Dr Stefanoni analysed the traces on the knife six days after last handling Meredith’s DNA. This means that contamination couldn’t have occurred in the laboratory. Meredith had never been to Sollecito’s apartment, so contamination away from the laboratory was impossible.

The knife is still in evidence and remains compelling evidence against Knox and Sollecito.

Ominously for Knox and Sollecito, the Supreme Court explained how DNA evidence should be assessed in court i.e. contamination must be proven with certainty not supposition.

The burden of proof is on the person who asserts contamination, not the person who denies it.

In other words, if the defence lawyers claim the DNA evidence was contaminated, they must describe the specific place and time where it could have plausibly occurred.

Nobody has ever proved that the bra clasp and knife evidence were contaminated and it’s difficult to see how the defence lawyers’s experts are going to do this at the new appeal.

Chris Halkides

Chris Halkides is one of Amanda Knox’s most effusive supporters. He has pontificated extensively about the case on his blog View from Wilimington and on other Internet websites.

On 30 July, he was finally prompted to post an interview with Professor Balding done some months previously. I suspect Halkides had been very keen to interview Professor Balding after reading Colin Barras’ article on the New Scientist website; but was holding back on posting it because it went against his own claims.

Indeed,  his interview has turned out to be quite a slap in the face for the Friends of Amanda and Colin Barras, because Professor Balding categorically described the DNA evidence against Sollecito to Halkidis as “strong”.

It’s worth summarising Professor Balding’s impressive academic record which for this case is topnotch, perhaps the best .

He is currently the Chair of Statistical Genetics at University College in London. He has a first-class honours degree and a PhD in Mathematics. And he has written many journal articles and co-authored a number of books on a range of topics.

This is apparently the whole of Chris Halkides’ interview with Professor Balding:

TUESDAY, JULY 30, 2013

An interview with David Balding

Part 36 in the Knox/Sollecito case

Professor David Balding recently published an analysis of the bra clasp DNA.  It may be helpful to explain some terms found in this article.  John Butler (Fundamentals of Forensic DNA Typing) defines the likelihood ratio (LR) as “The ratio of the probabilities of the same event under different hypotheses, and he explains that the prosecution’s hypothesis is usually the numerator, and the defense’s hypothesis is usually the denominator.  A ban is a unit of expressing the weight of evidence (WoE).  This scale is logarithmic; a likelihood ratio of three bans is equal to one thousand.  Some months ago Dr. Balding was kind enough to answer some of my questions about this work.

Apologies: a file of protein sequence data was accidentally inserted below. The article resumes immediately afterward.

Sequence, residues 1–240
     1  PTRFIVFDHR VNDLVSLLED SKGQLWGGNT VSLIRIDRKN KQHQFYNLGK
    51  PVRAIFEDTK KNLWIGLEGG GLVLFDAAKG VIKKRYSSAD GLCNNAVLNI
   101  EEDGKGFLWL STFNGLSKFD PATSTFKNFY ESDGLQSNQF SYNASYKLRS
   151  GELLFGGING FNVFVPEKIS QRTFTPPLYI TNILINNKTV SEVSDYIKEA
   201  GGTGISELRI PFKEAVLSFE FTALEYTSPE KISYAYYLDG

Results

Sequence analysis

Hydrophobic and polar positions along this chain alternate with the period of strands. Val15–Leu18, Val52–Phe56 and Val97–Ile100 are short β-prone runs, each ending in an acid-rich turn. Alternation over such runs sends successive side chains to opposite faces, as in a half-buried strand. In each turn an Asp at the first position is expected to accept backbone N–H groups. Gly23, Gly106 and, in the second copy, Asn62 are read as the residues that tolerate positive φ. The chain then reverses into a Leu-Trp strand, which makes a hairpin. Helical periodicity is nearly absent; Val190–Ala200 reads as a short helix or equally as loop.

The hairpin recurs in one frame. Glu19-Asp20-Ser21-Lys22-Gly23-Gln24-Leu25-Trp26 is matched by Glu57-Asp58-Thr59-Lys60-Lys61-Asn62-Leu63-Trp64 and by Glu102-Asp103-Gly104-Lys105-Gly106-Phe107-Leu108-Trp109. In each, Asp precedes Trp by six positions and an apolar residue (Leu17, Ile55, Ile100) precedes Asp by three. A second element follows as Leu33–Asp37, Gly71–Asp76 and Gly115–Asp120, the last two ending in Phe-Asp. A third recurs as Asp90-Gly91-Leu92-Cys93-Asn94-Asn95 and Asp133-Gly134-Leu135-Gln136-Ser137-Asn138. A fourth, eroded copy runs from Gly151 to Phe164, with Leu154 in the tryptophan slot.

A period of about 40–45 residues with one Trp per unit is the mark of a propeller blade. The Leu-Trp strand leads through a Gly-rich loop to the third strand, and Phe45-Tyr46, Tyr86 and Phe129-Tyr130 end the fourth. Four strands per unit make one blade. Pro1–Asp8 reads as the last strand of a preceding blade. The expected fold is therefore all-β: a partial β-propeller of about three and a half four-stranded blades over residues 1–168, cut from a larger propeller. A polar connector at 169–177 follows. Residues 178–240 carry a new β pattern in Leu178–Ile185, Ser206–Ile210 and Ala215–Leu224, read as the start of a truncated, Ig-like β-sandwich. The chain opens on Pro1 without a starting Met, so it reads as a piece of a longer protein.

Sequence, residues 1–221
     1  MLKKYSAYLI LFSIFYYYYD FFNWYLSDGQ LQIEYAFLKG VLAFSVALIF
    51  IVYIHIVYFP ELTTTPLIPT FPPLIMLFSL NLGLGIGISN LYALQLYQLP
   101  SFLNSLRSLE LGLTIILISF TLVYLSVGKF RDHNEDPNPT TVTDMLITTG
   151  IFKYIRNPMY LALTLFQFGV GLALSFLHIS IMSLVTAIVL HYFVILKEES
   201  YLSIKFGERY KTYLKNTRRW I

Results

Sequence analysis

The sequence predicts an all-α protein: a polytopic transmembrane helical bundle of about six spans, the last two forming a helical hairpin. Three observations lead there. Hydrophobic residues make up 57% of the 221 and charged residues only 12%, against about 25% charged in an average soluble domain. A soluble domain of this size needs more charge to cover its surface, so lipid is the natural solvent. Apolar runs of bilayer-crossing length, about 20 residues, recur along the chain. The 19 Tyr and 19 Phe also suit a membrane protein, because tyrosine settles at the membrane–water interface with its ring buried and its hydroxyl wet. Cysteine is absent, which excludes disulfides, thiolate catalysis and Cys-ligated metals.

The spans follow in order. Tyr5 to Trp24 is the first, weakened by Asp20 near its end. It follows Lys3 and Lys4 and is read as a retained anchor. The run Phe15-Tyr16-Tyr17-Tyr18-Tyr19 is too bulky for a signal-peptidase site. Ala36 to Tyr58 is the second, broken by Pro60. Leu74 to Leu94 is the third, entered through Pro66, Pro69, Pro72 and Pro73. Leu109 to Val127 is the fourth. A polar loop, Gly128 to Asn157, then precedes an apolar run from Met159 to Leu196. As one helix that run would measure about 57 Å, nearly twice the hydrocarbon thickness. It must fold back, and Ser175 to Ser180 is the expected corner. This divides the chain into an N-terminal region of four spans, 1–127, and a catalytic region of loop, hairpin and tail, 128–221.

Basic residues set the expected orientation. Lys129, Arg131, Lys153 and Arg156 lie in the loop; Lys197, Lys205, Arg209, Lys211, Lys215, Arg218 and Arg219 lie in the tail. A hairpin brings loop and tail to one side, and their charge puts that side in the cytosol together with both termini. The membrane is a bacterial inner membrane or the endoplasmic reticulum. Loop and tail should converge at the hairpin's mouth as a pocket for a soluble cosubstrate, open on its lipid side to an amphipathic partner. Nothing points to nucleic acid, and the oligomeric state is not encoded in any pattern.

Does Raffaele Sollecito¹s DNA fall into the category of low template DNA, and if so, should two separate amplifications have been run?

There’s no strict definition of “low-template” but broadly yes the peaks associated with Sollecito are low (but not those associated with Kercher, they are high).  Conti-Vecchiotti discuss a threshold of 50 rfu below which a peak should not be relied on; in the UK, that threshold was used in the past but nowadays as techniques have improved the threshold is often lower, 25 or 30. 

However that doesn’t matter here as all the peaks associated with Sollecito are well above 50: there is a 65, a 70 and a 98, all the 26 other peaks are above 100.  So it is not extremely low template - many low-template cases are successfully prosecuted in the UK even when some peaks fall below the threshold and so are discounted.  In this case all the peaks associated with Sollecito seem clear and distinct so I think there can be no concern about the quality of the result as far as it concerns him or Kercher.

Replication is generally a good thing and is nowadays done in most cases in my experience, but not all - one problem is that replication splits the sample and so can increase the chance of not getting a usable result.  But although replication is desirable it is not essential.  (In a sense there already is replication, because each of the 15 loci is an independent test.) 

This is all a matter of weight of evidence, which Conti-Vecchiotti paid no attention to: if you measure the weight of evidence properly, that accounts for the extra assurance that comes from replication and gives a stronger result (or conversely gives a weaker result if there is not replication).  But because Sollecito is fully represented in the stain at 15 loci (we still only use 10 in the UK, so 15 is a lot), the evidence against him is strong even allowing for the additional uncertainty due to non-replication.